It appears that Yemen has gone back to North and South Yemen again. All along ethnic lines. Saudi Arabia (and the US) don’t want this and we can expect some more atrocities from heavy bombing. The blockades that prevent food and humanitarian aid continue. Is there a reason why we won’t allow for the local people to decide how they want their country run?

In a two-part analysis of the recent and ongoing revolutionary developments in Saudi Arabia instigated and executed by Crown Prince Mohammad bin Salman (MBS), Asia Times editor Uwe Parpart and roving correspondent Pepe Escobar recount the details and background of the recent MBS power grab and attempt to ascertain whether it will last. In a matter of days, MBS may ascend to the throne, leaving to his father, King Salman, the ceremonial role of Custodian of the Two Holy Mosques. The November 4/5 MBS power play was a prelude. What does it portend? Who masterminded it and drove it? Who will benefit? What does it mean for the world’s most volatile region? Below, part 1.

The young prince and chosen future king of Saudi Arabia might be smarter than many give him credit for. For decades Saudi Arabia has used its wealth to try and change the Middle East. It’s cost them their wealth. It looks like he’s consolidating power and cutting back on the meddling. The US and Russia have colluded to help influence him.

The middle east has more intrigue than most places. Folks that should be enemies sometimes aren’t. Folks that should be allies sometimes aren’t. The three big players for many decades have been Iran, Saudi Arabia and Israel. Other countries in the region have always been played by these three. Despite these three being enemies, all of them are smart enough to make temporary alliances in order to go after the one. It looks like Israel and Saudi Arabia are continuing the alliance they made to eliminate Syria. This time the target is Iran. And we’re falling for it again.

Whatever their plans, the stakeholders in the Middle East must remember that clever plans to remake the Middle East have hitherto been remarkable for their inability to anticipate countermoves by opposing forces. Tension is increasing all across the Middle East and the United States is again falling into a trap set up by its so-called allies to act against its own interests by getting deeply involved in what might turn out to be an escalating conflict. The recent victories by the Syrian Army and its Russian allies, which suggest that the active phase of the Syrian civil war will soon be drawing to a close, means that the perennial unrest in the region will be shifting gears and possibly leading to new conflict in areas that have until now been quiet. The lack of any real American policy for the region will enable the Saudis and Israelis, who have hegemonistic dreams of their own, to manipulate a casus belli, quite likely starting in Lebanon, where Prime Minister Saad al-Hariri recently resigned his office and fled to Saudi Arabia, claiming that he was fearing for his life due to his resistance to Iran’s influence over his country.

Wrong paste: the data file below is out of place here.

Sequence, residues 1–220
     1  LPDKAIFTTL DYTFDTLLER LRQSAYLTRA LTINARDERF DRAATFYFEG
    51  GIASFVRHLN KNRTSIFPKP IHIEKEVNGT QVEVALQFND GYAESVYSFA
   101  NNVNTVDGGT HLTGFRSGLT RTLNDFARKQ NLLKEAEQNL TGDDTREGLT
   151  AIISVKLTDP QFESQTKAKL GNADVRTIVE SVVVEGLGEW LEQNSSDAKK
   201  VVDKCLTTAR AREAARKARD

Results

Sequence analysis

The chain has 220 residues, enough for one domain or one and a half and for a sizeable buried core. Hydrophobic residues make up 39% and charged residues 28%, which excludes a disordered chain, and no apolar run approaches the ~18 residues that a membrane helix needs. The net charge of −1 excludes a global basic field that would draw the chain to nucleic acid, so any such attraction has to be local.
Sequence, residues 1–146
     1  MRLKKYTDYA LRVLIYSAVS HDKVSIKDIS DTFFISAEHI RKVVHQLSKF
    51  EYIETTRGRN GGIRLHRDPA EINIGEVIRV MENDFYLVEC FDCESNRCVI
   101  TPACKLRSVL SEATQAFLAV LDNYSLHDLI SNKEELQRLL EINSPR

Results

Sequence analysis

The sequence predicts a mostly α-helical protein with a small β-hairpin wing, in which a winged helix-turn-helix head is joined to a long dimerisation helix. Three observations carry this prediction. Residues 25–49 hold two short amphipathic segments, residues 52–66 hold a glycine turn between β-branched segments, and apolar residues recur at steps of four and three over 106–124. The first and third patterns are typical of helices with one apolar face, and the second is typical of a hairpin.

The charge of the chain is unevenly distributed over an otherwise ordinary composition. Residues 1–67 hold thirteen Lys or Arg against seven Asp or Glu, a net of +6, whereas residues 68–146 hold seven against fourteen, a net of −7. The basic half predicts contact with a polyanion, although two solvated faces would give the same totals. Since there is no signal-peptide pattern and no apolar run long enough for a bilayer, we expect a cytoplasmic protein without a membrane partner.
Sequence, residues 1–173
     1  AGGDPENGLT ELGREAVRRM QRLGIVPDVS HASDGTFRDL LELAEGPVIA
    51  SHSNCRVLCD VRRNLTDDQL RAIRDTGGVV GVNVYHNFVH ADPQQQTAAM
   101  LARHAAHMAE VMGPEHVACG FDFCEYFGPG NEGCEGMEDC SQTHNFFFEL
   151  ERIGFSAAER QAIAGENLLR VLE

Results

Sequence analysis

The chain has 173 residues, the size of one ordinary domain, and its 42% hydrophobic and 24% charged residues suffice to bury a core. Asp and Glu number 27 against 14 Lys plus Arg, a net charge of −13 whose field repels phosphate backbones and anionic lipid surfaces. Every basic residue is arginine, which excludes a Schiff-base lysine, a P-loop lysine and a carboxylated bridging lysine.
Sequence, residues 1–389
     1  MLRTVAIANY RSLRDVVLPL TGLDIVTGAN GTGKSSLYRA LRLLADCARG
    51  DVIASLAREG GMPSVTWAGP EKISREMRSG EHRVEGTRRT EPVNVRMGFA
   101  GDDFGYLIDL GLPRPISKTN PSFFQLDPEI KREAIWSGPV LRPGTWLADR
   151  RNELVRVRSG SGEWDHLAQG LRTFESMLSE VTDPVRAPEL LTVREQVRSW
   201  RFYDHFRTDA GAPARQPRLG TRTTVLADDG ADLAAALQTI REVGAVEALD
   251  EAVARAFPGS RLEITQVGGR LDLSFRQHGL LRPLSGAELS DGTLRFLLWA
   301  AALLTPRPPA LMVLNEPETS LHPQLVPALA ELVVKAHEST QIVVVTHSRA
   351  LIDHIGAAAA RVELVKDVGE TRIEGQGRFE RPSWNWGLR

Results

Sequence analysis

What’s really going on in Saudi Arabia right now? To the average American who knows nothing about foreign affairs (and doesn’t really care), what’s going on right now, goes back to strategies used over and over again for decades in coordination with the US. We’ve “used” the Saudis to manipulate the price of oil in attempt to “influence” foreign policy. It worked for decades. In 2014 it was tried one more time to punish Russia. It failed miserably for the Saudis, to the point where in the past few years they’ve had to dip into their reserves just to exist. They’ve had to fight off foreign invasions from the north. They invaded Yemen and are losing. They lost in their efforts in Syria. They hate the idea that Iran could become the influential player in the region. And they are going broke. Right now they are fighting for the future of their country.(1 comment)

A long and detailed analysis of what is going on in Saudi Arabia. It looks like the Prince is either a genius or a fool. The round-up of Saudi Princes which took place on 5th November 2017 is simply the latest in a succession of purges initiated by Saudi Arabia’s de facto ruler, Deputy Crown Prince Muhammed bin Salman, as he tries to consolidate his position by getting his hands on all of Saudi Arabia’s levers of power. As is often the case in purges of this kind, a large number of people have been rounded up on ‘corruption charges’ (the standard pretext used to conceal power struggles of this sort) in order to conceal the identity of the true target of the purge.(2 comments)

At the end of the day, it appeared that Saudi is politically less stable than Lebanon, something that has hardly ever been the case in modern history, let alone at a time when one would assume it is Lebanon that is about to be plunged into new chaos, not the formerly predictable Wahhabi regime. This is a very good analysis of both the Saudi Arabia and Lebanon actions in the past few days. As is all too often the case in the Middle East, the US has its fingerprints all over it. The authors present some possible outcomes.(1 comment)